The 5 best vegetable varieties from my 2018 garden
Now that the first frost has struck the Pittsburgh region and the gardening season is drawing to a close, it’s a good time to assess what performed well in your vegetable garden this year and what did not.
Like many gardeners, I like to grow plenty of “old favorites” in my veggie patch; things I know my family already loves. But, I also like to try some new-to-me varieties, too, just to see if we might find a new favorite.
This summer, we were fortunate enough to enjoy a long and productive growing season, filled with great harvests. But, there were a few plants in my vegetable garden that were complete knock-outs. They outshined the other varieties in one way or another, and introduced something new to my kitchen.
Today, I’d like to share some of these extremely successful varieties I grew this season so that you, too, might take a chance on growing them in the future. They did not disappoint.
“Dragon Tongue” Bush Bean I purchased these seeds from one of my favorite catalogs, Territorial Seeds (territorialseed.com) this spring, after seeing the plants on a garden tour in Buffalo last summer. I knew they were going to be delicious because I tried one on that tour, but what I didn’t know was how productive the plants would be. My “Dragon Tongue” beans produced oodles of beautiful, greenish yellow beans with purple stripes, though the purple disappears when the beans are cooked. I grew one 10-foot row and we had more beans than we knew what to do with. We ate some, froze some, and I even left some of the pods on the plants to dry so I could save the seeds for next year. This is an old-fashioned heirloom variety that grows about 18-24 inches tall.
“Italian Orange” Pepper Every May, I head to the May Mart at Phipps and purchase starter plants of my favorite tomato and pepper varieties from a small urban farm in Wilkinsburg called Garden Dreams Urban Farm and Nursery (mygardendreams.com). This year, I tried a sweet pepper from them called “Italian Orange” for the first time and was blown away. I harvested dozens of elongated, thick-walled, sweet, orange peppers. Each one was about 6 inches long and packed with flavor. The plants grew between 3 and 4 feet tall and were a dark, beautiful green. This open-pollinated heirloom pepper was, hands down, the best pepper I’ve ever grown.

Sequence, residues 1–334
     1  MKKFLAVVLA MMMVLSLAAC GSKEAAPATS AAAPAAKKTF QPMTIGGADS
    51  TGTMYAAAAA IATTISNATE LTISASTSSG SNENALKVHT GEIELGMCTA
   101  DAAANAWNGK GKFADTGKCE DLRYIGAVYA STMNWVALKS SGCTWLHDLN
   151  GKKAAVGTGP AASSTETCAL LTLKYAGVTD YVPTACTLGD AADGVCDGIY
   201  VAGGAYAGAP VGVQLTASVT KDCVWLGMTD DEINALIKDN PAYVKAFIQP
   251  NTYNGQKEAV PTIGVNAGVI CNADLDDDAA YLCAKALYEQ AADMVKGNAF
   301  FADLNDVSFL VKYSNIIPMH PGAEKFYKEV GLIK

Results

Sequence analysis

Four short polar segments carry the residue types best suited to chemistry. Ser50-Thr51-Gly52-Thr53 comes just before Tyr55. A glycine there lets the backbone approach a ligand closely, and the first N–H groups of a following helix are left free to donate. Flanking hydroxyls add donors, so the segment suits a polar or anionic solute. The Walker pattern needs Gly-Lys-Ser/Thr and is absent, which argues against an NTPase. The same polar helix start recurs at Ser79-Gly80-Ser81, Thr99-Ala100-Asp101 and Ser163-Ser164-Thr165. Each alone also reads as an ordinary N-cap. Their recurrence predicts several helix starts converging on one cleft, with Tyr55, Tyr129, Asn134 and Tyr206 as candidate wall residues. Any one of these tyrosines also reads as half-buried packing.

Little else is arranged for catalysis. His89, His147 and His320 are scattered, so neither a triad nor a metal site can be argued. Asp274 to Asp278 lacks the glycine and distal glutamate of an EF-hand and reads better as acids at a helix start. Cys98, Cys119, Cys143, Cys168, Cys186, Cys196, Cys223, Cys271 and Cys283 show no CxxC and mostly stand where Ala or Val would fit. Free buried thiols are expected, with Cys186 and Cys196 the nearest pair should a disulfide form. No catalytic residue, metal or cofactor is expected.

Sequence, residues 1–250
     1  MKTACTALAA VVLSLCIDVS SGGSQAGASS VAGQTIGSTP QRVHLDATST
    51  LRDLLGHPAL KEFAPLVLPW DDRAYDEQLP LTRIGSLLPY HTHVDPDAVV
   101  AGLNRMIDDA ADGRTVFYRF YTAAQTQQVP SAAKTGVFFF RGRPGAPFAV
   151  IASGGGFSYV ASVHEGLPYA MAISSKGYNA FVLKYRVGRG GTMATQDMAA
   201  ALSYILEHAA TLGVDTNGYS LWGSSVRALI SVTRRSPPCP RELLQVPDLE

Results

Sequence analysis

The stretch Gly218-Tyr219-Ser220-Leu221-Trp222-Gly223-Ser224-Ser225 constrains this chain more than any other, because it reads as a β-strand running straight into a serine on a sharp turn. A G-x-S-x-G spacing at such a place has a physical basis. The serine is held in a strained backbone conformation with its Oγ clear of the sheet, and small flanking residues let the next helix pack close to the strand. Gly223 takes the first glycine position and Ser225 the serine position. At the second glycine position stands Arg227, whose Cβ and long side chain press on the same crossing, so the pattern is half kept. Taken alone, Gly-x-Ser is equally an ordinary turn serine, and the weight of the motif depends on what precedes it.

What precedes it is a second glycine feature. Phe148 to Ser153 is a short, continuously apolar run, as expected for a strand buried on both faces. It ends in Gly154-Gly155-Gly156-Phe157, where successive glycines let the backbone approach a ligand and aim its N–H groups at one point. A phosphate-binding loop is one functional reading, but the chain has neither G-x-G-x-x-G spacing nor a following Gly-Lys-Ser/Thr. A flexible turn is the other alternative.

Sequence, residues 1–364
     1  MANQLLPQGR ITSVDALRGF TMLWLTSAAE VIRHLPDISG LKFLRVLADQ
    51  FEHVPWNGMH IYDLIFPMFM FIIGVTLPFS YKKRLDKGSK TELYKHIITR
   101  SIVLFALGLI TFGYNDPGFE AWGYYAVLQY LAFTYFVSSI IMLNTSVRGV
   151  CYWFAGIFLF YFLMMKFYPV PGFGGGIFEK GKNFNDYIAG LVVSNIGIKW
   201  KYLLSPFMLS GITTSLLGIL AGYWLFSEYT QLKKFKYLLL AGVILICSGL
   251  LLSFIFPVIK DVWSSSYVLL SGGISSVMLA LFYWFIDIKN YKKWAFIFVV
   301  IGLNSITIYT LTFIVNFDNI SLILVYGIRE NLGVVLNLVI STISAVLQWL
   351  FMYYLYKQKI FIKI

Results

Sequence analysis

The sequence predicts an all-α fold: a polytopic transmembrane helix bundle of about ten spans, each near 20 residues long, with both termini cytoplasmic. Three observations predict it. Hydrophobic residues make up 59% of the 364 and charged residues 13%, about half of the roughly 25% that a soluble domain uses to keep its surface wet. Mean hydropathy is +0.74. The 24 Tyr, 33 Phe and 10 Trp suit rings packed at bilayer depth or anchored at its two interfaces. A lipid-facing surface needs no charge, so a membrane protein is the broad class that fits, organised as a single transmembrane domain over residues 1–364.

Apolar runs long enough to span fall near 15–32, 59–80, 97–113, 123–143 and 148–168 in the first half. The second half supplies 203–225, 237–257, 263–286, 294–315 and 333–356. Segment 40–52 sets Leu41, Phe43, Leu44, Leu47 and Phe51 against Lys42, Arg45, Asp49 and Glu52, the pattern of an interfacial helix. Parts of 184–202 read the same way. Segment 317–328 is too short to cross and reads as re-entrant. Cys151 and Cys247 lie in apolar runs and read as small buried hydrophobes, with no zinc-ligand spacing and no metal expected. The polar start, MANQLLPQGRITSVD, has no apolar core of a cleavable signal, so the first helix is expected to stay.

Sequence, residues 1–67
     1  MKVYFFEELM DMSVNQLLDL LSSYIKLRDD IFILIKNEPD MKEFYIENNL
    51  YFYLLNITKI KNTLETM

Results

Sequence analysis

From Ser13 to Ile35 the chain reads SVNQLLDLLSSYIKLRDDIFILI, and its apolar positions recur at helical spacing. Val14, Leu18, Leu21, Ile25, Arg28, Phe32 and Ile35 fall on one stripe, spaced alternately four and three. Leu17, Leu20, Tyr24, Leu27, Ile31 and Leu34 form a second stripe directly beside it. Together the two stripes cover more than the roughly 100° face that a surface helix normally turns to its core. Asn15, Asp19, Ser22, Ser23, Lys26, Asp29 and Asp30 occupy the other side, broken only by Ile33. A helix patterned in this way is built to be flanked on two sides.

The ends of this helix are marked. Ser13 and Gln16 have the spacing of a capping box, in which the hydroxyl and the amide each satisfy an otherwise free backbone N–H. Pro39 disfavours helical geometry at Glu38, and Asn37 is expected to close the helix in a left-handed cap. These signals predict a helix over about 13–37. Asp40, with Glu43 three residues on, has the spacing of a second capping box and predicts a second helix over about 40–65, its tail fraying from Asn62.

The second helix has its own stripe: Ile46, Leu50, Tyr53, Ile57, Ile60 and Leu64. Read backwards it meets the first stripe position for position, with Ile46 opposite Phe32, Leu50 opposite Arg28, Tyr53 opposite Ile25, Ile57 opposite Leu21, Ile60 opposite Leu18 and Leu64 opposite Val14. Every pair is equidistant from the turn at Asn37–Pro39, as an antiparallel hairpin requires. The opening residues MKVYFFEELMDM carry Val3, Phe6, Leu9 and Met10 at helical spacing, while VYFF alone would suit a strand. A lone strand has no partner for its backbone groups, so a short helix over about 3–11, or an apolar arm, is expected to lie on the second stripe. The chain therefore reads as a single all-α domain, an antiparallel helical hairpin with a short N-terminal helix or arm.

“Red Cored Chantenay” Carrot Each year I grow “Scarlet Nantes” carrots, along with some other varieties. But this year I had a gift certificate to spend from Botanical Interests, a rock-star of a seed catalog (botanicalinterests.com), and I decided to buy a packet of “Red Cored Chantenay.” This heirloom carrot is 6 inches long, and the flavor is as sweet as can be. There was zero root forking and I had great germination rates. I think every seed grew into a full-sized carrot. I’ve been harvesting since early summer, and the roots that are still in the garden have now been covered with a thick layer of straw. I’ll harvest more as I need them throughout the winter or until they’re gone.
“Litt’l Bites Cherry” Tomato Admittedly I’m a bit of a tomato snob, especially when it comes to cherry varieties. My personal favorite is a white cherry tomato called “Snow White,” but it grows into a huge plant. I was looking for a good cherry tomato for a patio container when I spied “Litt’l Bites Cherry” in the Renee’s Garden seed catalog (reneesgarden.com). I grew just a single seed from the packet, figuring I didn’t have much to lose if I ended up not liking it. Well, by the time August rolled around, I wished I’d grown a few more of those seeds. This turned out to be a great choice for a container garden. The plants were compact and super-productive. The tomatoes were sweet and cascaded in clusters down the side of the container. The plant itself was shaped like a little mound on top of the pot; I didn’t even have to stake it. Next year I may try it in a large hanging basket or in the elevated raised bed planter I have on my patio.
“White Wonder” Cucumbers I’ve grown and loved another white cucumber variety called “Silver Slicer” for the past five years, so I thought I’d give another white selection a try. In my garden, the white cucumbers tend to have less damage from cucumber beetles and they produce well regardless of the weather conditions. “White Wonder” is an heirloom from the 1800s, while “Silver Slicer” was bred more recently at Cornell University, so I was curious to compare the two. I found them both to be exceptional. White cucumbers may at first seem odd, but their flavor is mild and absolutely delicious, with nary a hint of bitterness. The texture is crisp and crunchy. Though, in all honesty, I didn’t think “White Wonder” would even begin to compare to “Silver Slicer,” both varieties are well worth growing.